And collaborators on genomics researcher Holly Bik’s Phinch project are industry software developers, not other researchers, which has led to the development of a beautiful data visualization app for large biological datasets.

So how do you find diverse co-authors? Let’s explore some strategies.

How to find diverse co-authors


Communications researcher Philip N. Howard suggests tapping your mentors for co-authorship opportunities:

The first step in finding opportunities to co-publish is to let your faculty mentors know that you are available to help if they ever get such invitations. Faculty sometimes receive unsolicited invitations to write an article or contribute a book chapter. Since faculty often plan long-term writing agendas, they may decline an unexpected invitation. They may be more likely to accept such an invitation if they know they can share the research and writing tasks with a co-author.

Mentors may also be able to connect you with colleagues who are interested in a similar subject who might be in need of a collaborator with whatever skills you possess (computational methods, quick-but-thorough literature review writing, mastery of Stata, and so on).

Conference buddies

Remember all those interesting researchers whose work you admire that you met while hustling at conferences? They can make great collaborators. Shoot them an email to say hello, and share an idea or two you’ve been thinking on to see if they want to collaborate.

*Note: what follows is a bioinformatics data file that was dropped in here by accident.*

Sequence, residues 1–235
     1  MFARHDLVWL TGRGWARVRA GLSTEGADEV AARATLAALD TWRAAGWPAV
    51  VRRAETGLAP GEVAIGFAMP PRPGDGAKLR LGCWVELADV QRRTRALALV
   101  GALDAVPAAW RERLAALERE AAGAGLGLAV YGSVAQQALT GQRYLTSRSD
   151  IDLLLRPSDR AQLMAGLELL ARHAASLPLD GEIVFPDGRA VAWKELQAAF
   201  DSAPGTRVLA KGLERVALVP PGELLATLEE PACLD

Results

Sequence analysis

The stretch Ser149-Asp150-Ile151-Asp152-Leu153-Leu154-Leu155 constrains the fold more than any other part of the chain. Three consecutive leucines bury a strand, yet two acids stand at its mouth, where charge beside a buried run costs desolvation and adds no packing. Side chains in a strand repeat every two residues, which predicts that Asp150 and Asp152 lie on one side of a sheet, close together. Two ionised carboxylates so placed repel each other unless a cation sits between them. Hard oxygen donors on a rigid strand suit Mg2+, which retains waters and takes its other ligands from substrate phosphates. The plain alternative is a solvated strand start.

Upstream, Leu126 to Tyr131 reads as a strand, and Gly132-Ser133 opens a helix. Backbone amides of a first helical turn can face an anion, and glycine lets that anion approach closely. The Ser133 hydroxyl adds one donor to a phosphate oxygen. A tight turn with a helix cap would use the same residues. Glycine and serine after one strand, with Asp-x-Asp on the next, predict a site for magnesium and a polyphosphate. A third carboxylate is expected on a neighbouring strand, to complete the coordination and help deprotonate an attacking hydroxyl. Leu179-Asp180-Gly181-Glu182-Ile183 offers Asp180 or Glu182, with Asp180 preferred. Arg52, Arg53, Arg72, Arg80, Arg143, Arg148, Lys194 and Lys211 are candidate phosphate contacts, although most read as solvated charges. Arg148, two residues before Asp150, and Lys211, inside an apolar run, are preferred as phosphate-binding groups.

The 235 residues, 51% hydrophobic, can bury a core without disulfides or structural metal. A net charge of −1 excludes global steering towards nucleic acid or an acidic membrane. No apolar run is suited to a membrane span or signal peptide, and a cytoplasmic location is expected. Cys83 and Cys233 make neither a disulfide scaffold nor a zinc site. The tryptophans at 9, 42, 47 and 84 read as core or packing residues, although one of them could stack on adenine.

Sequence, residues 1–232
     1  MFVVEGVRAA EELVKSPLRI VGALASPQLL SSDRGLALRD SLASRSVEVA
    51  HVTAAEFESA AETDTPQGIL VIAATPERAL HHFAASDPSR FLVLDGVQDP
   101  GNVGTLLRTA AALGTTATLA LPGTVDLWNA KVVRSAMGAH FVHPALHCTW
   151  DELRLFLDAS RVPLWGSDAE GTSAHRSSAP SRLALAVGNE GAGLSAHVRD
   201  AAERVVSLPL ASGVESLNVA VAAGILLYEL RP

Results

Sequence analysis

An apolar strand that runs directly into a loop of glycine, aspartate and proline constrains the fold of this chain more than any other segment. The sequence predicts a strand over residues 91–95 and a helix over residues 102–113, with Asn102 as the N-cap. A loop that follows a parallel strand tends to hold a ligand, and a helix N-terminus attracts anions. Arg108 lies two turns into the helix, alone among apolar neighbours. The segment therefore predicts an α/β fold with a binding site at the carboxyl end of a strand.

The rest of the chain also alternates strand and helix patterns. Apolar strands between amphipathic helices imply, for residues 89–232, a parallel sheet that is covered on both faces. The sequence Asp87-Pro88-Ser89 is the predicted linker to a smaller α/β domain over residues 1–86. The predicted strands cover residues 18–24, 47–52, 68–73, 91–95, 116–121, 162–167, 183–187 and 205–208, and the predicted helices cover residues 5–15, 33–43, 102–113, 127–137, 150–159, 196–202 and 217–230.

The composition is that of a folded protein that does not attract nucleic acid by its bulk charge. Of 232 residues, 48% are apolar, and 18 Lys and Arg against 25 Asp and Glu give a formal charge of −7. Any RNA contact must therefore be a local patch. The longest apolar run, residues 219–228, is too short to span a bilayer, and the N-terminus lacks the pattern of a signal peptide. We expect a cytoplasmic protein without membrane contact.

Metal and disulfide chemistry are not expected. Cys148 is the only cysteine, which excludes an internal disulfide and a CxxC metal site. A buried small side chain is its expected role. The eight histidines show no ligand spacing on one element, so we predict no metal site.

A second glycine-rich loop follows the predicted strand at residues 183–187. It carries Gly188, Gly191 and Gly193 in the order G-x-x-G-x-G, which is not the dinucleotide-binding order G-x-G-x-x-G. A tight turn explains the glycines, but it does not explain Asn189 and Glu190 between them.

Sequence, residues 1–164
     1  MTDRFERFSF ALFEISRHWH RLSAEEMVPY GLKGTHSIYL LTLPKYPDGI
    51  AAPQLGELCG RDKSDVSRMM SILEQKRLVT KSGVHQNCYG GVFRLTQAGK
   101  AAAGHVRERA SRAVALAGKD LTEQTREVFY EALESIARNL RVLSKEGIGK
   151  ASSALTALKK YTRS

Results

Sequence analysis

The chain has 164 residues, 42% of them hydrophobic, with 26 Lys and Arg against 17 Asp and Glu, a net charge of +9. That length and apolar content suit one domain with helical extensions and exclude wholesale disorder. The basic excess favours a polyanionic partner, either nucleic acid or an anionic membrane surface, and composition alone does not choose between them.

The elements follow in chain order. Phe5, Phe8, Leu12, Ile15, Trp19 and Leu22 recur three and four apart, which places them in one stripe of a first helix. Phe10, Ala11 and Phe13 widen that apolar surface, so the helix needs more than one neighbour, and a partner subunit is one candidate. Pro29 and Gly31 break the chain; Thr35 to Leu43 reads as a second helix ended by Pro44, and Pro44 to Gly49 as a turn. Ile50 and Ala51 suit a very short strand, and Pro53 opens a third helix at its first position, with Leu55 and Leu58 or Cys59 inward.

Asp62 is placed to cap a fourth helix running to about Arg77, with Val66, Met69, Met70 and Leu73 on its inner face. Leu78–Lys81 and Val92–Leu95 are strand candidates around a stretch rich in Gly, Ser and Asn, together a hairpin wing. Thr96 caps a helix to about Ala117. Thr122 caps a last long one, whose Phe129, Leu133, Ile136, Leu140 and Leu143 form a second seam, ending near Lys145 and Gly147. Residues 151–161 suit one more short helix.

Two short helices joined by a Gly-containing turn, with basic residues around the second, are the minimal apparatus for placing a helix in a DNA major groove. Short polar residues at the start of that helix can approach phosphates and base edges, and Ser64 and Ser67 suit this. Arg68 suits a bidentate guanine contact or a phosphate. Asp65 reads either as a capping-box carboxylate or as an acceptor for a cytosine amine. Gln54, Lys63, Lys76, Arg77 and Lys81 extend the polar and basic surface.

Social networks

Take a look at your social networks on Twitter, ResearchGate, and LinkedIn. After being on social media for a few weeks or months you’ll have met scientists in your network whose skills complement your own. Don’t be afraid to reach out to potential co-authors with an idea for a paper or project.


The final–and most challenging–way to find co-authors is to “cold call” a researcher that you want to collaborate with but haven’t met yet. Reach out to them via email or phone, send them an idea for a paper or two, and ask if they’d like to collaborate.

As a PhD student, Impactstory co-founder Jason Priem once emailed a researcher he admired with a request to co-author, offering to do the grunt work of writing a literature review. He was accepted onto the paper and now has a co-authorship credit with a respected researcher, broadening his co-authorship base and experience.

If you’ve got something to offer–a great idea, a complementary skill, or the ability to do something the lead author doesn’t want to do–you can find opportunities that aren’t readily apparent.

Making co-authorship work

So–you’ve got your co-authors lined up and ready to write. Now what?